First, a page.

Status epilepticus (SE) in man and rodents can produce cognitive deficits and trigger a series of molecular and cellular events that eventually culminate in the appearance of spontaneous seizures, i.e., epilepsy. An early event in this process is the transient opening of the blood-brain barrier with consequent exchange of cells and proteins between blood and brain interstitium. Our hypothesis, supported by preliminary evidence, is that neuronal cyclooxygenase 2 (COX2) induction by status epilepticus controls the breakdown of the blood-brain barrier.
Specific aims are (1) to determine whether the induction of COX2 in principal forebrain neurons in both rodent models of SE triggers a neuroinflammatory cascade that causes opening of the blood-brain barrier, peripheral leukocyte infiltration, microglial activation, and eventually epilepsy;and (2) To test the hypothesis that EP2 receptor activation on astrocytes or endothelial cells regulates albumin leakage and leukocyte infiltration across the blood-brain barrier. A comparison of the pilocarpine and kainate SE models will be done to minimize model-specific conclusions.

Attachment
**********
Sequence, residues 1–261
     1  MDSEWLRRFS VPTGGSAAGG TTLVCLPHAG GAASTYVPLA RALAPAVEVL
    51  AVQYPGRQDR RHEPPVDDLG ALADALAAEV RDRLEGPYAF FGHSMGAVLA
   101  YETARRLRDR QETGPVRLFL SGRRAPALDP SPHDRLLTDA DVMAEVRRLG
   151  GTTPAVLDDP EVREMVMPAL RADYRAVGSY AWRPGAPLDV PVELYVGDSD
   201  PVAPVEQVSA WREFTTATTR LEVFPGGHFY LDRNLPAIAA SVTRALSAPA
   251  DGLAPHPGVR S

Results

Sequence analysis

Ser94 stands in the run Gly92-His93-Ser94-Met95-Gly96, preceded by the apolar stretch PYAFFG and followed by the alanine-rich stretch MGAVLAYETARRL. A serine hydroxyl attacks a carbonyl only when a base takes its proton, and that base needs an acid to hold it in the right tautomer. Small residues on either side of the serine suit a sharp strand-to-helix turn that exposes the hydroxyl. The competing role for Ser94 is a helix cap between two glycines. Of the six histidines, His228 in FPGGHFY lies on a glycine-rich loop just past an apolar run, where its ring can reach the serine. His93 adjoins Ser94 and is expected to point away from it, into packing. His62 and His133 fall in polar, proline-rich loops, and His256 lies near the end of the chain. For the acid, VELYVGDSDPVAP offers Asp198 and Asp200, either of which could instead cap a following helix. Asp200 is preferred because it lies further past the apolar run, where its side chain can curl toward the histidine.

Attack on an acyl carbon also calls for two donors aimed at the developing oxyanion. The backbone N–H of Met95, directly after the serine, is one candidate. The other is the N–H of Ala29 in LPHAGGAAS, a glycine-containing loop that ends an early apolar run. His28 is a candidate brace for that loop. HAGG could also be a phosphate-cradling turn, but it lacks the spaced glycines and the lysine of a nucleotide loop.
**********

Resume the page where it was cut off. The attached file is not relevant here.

Aim 1 will be pursued by comparing the intensity of inflammatory events following SE in wildtype mice and mice with conditional deletion of the COX2 gene limited to principal forebrain neurons. The expectation is that the broad neuroinflammatory consequences of SE will be attenuated in the COX2 cKO mouse.
The second aim will be pursued by a) measuring the effect of prostaglandin receptor agonists and antagonists on the leakiness of an in vitro blood-brain barrier, and b) determining whether the neuroinflammatory consequences of SE described in aim 1 are attenuated by systemically applied EP2 antagonists.
Status epilepticus, defined as seizures with duration 30 minutes or longer, has high mortality and is a major health concern. Status epilepticus triggers a massive inflammatory reaction in the brain that is partly responsible for morbidity. This project is designed to identify novel drug-like chemicals that can prevent the brain damage associated with status epilepticus.
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